Solar Orbiter, built to study the Sun and its influence on space, blasts off on Sunday from Launch Complex 41 at Cape Canaveral Air Force Station in Florida.
Solar Orbiter, is a new collaborative mission between ESA (European Space Agency) and NASA.
Solar Orbiter addresses a central question of heliophysics: How does the Sun create and control the constantly changing space environment throughout the solar system?
The Solar orbiter is on a unique trajectory with cameras to provide first-ever images of the Sun’s poles. The spacecraft will be within the orbit of Mercury, 42 million kilometres from the Sun. The trajectory includes 22 close approaches to the Sun to study the Sun and its influence on space.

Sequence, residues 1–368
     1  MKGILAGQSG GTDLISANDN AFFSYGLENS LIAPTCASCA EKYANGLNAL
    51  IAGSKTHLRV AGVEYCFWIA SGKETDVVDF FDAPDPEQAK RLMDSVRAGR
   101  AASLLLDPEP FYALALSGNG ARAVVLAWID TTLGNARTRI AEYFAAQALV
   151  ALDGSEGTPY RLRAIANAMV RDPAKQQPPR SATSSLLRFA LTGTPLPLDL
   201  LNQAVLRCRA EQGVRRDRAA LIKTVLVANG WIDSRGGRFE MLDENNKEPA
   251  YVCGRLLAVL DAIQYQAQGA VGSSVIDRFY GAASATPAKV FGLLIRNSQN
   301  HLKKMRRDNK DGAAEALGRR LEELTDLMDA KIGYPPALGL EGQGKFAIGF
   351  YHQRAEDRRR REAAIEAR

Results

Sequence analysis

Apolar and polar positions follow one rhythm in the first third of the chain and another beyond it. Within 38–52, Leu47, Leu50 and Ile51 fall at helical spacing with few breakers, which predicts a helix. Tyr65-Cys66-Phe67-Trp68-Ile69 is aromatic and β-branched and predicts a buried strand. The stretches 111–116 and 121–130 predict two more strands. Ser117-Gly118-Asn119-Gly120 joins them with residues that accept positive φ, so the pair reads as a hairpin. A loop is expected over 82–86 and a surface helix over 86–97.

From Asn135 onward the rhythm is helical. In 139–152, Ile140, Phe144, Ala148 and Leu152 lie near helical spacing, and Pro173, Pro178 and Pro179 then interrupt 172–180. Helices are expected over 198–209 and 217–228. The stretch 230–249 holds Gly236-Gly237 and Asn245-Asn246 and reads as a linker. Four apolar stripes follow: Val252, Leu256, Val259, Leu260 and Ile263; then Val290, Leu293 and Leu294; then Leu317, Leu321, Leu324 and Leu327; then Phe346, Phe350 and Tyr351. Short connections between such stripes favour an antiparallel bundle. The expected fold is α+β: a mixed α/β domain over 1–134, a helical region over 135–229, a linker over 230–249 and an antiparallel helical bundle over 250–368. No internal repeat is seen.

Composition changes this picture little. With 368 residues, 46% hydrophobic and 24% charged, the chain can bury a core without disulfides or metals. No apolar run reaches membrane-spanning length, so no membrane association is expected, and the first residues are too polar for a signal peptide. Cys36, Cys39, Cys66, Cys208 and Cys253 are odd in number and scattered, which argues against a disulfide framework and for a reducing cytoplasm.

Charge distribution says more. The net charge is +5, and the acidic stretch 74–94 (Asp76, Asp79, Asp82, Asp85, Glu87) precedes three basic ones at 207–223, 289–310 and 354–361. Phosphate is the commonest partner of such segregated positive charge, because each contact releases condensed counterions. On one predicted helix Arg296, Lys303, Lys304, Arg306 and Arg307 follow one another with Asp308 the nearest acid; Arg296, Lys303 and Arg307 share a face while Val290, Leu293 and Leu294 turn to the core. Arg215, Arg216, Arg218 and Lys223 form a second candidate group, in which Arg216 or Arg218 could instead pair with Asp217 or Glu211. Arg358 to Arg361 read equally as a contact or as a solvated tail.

The orbiter is built to withstand 600 degree celsius when it is close to the Sun at 42 million km.
It will take Solar Orbiter about two years to reach its primary science orbit. Solar Orbiter combines two main modes of study. In-situ instruments will measure the environment around the spacecraft, detecting such things as electric and magnetic fields and passing particles and waves. The remote-sensing instruments will image the Sun from afar, along with its atmosphere and its outflow of material, collecting data that will help scientists understand the Sun’s inner workings.
The Sun mission is expected to be for a duration of 7 years.
Learn more about Solar Orbiter at: